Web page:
This is not a costless exercise. Governments are no longer robbing Peter to pay Paul. They are robbing Peter to pay Peter as well. You would think this is widely understood, but the Peters are so distracted by the apparent benefits they might or might not get that they don’t see the cost. They fail to appreciate that "printing" money is not just the marginal source of financing for excess government spending, but that it has now become mainstream.

There is almost a total absence in the established media of any commentary on the consequences of monetary inflation, and in a cry for more, to stave off a "deflationary" collapse, we even have so-called financial experts warning us of the need for central banks like the Reserve Bank and the US Federal Reserve (the Fed) to introduce negative interest rates.  

Yes, there are deflationary forces, because banks wish to reduce their loan exposure at a time of increasing risk. But we can be sure that central banks and their political masters will do everything they can to counter the trend of contracting bank credit by increasing base money. There can only be one outcome: the debasement and eventual destruction of fiat currencies.

Monetary Destruction

There is an aspect of the destruction brought about by monetary policy which is almost never considered by policymakers, and that is how it distorts the allocation of capital and leads to its misallocation. In free markets, capital is scarce; if the consumer is to be properly served and the entrepreneur is to maximise his profits, it must be used to greatest effect .

Capital comes in several forms and encompasses every aspect of production: principally an establishment, machinery, labour, semi-manufactured goods and commodities to be processed, and money. An establishment, such as a factory or offices, and the availability of labour are relatively fixed in their capacity. Depending on their deployment and capacity they produce a limited amount of goods. It is just one form of capital, money and credit, which central banks and the banking system now provide, and which in its unbacked form is infinitely flexible. Consequently, attempts to stimulate production by monetary means still run into the capacity constraints of the other forms of capital.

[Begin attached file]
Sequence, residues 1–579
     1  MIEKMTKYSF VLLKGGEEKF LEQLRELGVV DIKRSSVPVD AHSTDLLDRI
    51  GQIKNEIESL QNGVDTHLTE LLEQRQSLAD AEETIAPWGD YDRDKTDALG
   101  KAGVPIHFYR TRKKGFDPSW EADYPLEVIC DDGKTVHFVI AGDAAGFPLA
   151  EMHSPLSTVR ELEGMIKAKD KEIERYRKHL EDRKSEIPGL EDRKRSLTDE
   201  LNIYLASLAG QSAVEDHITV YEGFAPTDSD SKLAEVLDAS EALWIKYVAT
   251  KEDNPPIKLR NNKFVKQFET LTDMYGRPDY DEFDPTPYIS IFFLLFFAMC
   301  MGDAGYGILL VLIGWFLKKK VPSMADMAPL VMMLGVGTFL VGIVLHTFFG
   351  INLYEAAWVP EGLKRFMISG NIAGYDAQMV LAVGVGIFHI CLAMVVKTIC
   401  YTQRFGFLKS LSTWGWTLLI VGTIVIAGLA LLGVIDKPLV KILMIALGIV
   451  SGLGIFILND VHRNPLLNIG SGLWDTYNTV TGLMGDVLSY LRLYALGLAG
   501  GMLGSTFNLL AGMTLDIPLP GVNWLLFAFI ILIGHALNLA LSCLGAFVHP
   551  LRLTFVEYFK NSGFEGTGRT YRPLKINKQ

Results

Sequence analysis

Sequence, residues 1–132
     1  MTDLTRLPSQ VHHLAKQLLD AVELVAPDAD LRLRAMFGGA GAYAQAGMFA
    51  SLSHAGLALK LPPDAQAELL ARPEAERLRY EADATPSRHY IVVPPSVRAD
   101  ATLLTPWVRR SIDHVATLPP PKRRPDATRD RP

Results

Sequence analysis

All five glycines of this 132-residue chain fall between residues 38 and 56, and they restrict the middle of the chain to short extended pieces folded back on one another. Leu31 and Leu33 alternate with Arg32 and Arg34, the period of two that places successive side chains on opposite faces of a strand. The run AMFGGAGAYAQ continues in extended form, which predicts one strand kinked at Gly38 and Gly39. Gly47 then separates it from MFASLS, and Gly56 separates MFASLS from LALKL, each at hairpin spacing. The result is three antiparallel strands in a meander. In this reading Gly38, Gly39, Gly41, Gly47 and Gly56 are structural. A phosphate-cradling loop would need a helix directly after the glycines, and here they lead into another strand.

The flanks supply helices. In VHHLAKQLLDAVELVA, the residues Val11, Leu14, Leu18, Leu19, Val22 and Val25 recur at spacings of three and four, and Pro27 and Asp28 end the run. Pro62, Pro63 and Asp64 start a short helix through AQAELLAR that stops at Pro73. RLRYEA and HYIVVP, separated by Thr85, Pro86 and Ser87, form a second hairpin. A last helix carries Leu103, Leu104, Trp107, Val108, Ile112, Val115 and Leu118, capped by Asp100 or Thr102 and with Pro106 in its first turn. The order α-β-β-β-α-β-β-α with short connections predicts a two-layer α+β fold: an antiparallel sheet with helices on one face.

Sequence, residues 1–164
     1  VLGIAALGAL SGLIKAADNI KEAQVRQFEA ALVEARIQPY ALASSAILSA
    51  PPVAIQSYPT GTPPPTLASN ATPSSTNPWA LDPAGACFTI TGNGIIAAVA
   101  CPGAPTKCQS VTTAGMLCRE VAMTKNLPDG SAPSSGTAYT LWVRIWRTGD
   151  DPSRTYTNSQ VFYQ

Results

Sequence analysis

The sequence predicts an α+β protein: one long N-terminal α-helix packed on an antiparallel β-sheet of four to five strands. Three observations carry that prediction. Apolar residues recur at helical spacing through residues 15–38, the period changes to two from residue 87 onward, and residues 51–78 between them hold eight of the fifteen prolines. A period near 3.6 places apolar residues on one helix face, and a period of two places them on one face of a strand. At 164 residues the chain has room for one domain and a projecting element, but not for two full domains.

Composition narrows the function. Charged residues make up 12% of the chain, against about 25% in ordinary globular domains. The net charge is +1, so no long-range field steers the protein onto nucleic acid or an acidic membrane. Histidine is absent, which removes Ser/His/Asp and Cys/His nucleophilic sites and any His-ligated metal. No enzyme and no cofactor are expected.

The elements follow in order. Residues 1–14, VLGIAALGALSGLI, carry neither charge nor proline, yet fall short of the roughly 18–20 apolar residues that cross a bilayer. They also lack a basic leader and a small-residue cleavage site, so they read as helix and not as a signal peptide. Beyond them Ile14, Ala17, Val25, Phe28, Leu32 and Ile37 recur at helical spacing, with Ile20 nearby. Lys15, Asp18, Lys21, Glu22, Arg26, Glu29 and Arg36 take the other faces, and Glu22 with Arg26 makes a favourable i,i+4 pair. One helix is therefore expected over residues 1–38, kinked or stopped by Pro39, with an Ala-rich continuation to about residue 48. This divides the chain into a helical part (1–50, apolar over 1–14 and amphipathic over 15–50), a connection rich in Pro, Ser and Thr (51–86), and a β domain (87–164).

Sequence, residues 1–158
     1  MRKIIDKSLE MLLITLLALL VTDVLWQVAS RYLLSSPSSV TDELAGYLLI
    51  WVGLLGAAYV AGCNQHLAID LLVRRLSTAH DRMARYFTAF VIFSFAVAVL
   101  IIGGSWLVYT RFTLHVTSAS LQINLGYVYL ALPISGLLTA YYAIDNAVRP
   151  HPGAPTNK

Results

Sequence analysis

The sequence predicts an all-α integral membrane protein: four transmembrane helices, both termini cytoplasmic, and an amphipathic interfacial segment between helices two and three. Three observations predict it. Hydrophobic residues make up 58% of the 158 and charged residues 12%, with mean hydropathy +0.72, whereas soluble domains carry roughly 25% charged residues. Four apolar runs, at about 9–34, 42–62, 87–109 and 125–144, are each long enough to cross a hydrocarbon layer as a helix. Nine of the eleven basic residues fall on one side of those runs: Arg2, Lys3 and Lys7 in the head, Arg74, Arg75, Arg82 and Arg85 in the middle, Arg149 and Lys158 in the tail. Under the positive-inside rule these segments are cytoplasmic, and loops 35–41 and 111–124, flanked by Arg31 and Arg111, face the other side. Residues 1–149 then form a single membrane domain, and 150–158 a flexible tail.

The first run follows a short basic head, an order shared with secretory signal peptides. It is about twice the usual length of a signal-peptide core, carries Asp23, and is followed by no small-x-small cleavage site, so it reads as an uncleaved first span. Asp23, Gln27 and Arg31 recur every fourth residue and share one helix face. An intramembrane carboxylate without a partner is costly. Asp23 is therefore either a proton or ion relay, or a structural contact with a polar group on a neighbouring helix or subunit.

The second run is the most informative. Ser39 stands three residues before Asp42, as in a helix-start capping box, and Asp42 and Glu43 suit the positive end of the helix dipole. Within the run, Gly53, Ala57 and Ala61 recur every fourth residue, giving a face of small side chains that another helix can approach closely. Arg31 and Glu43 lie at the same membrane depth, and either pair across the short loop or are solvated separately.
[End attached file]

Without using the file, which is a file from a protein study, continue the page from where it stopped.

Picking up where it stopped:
Monetary policy has been increasingly used to manipulate capital allocation since the early days of the Great Depression. The effect has varied, but it has generally come up against the constraints of the other forms of capital. Where there is excess labour, it takes time to retrain it with the specialised skills required, a process hampered by trade unions ostensibly protecting their members, but in reality resisting the reallocation of labour resources. Government control over planning and increasingly stifling regulations, again putting a brake on change, mean that changes and additions to the use of establishments have lengthened the time before entrepreneurial investment is rewarded with profits. Government intervention has also discouraged the withdrawal of monetary capital from unprofitable deployment, or malinvestments, lengthening recessions needlessly.